Strengthening the rotator cuff muscles will also help ease aches of the mid-back. Dr. Danesh suggests lifting your arms into Y and W shapes (with or without weights) to strengthen your shoulders.
He also suggests looking at your foundation—not just your back.
Your glutes (the muscles of your butt) might be weak, preventing your low back from maintaining stability. So your mid-back, which should be more mobile than stable, has to take over. This can lead to back pain.
“You can’t increase flexibility in the mid-back if you don’t have stability in the low back,” Dr. Danesh says. “Think about the Leaning Tower of Pisa. If you only focus on the top, you won’t address the issue.”
To contribute to movement at the spine, which will help address aches in the mid-back, you can also do a few simple dynamic stretches.
Stretches for mid-back pain
Stretches can help with back pain, and they’ll feel good in the moment, but to determine which moves to do, you’ll need a physical assessment, says Hosler.
The moves below are a good starting point, working to “create an environment that will actually address the issue” of mid-back pain, Hosler says. They’ll get blood flowing to the mid-back and will help you to add mobility where you need it most.
Thoratic spine CARs
CARs stands for controlled articular rotations, which is basically like “brushing and flossing for the joints,” says Hosler.
Start sitting in a chair. For an easier variation, you can stand with feet wide, knees slightly bent, and body stable.
Wrap your arms around your torso like you’re giving yourself a hug.
Tuck your chin to your chest, then flex the body down, rounding the spine forward as if you were trying to get yourself into a ball.
Stay as tight as possible as you make a big circle with your upper body, rotating to the left side. Continue the movement backward so your chest is reaching the ceiling and your back is bending. Then come back down the right side.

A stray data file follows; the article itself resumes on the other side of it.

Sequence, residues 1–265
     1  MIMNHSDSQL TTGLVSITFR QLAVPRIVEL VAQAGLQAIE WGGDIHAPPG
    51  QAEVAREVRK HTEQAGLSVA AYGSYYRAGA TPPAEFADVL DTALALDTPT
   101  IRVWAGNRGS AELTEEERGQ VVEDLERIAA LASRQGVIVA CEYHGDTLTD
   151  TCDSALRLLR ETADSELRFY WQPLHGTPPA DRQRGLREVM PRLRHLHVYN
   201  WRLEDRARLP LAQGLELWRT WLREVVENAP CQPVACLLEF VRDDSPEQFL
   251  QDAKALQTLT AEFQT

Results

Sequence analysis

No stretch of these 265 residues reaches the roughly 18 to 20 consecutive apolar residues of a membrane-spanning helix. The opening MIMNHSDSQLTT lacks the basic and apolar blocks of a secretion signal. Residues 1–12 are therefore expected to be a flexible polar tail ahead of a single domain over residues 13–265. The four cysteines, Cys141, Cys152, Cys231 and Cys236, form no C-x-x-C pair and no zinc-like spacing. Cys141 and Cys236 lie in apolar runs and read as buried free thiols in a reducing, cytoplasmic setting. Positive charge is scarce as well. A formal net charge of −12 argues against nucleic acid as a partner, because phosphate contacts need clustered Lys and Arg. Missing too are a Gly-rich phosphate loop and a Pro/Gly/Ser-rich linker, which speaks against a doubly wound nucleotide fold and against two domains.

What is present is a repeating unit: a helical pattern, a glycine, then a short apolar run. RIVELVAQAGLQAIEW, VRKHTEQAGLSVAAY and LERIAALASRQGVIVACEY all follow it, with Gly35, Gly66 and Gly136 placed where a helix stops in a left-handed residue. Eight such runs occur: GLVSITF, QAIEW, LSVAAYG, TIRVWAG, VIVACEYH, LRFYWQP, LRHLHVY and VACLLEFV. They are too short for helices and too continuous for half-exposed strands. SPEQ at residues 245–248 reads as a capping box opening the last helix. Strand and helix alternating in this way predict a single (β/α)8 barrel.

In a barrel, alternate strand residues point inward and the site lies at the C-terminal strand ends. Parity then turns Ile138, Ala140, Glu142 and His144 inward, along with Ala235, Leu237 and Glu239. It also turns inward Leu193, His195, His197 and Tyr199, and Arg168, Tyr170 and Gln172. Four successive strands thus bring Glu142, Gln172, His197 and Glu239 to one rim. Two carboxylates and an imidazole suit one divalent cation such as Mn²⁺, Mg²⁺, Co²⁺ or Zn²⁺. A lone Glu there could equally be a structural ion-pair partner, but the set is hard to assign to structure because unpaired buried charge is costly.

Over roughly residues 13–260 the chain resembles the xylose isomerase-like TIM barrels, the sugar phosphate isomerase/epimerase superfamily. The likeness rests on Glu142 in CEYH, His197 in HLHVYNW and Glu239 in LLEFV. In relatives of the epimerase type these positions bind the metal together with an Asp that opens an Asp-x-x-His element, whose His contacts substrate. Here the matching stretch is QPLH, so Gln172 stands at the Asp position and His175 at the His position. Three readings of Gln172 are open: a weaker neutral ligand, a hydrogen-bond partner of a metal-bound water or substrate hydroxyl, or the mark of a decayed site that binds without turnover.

Think of the move as your sternum drawing a big circle.
Do five reps. Repeat, moving in the other direction.
Spine segmentation CARs
Think of this as a slower, more segmented version of the cat-cow stretch, Hosler says.
Start on all fours, with your shoulders over your wrists and your knees under your hips.
Start from the tailbone, moving one vertebra at a time to round the spine. Arch the spine from low back to mid-back to upper back. End with the head and neck tucked.
One vertebra at a time, reverse the process to arch the spine. Drop the tailbone, arch the mid-back and then upper back. Finally, raise the head.
Repeat each move for five reps.
Then reverse the movement, starting with the head and neck and ending with the low back and tailbone. Do five reps each of rounding and arching.
(Try these stretches for upper back pain.)
For many people, the thoracic (or upper) spine doesn’t move well, which makes it hard for the upper back to expand when you breathe. This exercise will help you breathe better.
“Most people benefit from learning how to breathe into the side rib cage, as well as the low and mid-back,” Hosler says.
Place your hands on the sides of your body, at your ribs. Take three to five deep breaths. With each inhale and exhale, you should feel your body expanding beneath your hands.
Next, place your hands on your low back, with your thumbs resting just outside your spine. Take three to five deep breaths, aiming for your breath to reach your fingers with every inhale and exhale.
Next, check out this guide to back pain symptoms, treatments, and prevention.
- American Chiropractic Association: "Back Pain Facts and Statistics"
- Houman Danesh, MD, director of integrative pain management at Mount Sinai hospital in New York City
- Jen Hosler, PT, DPT, CSCS, owner of Movement Upgraded in Tampa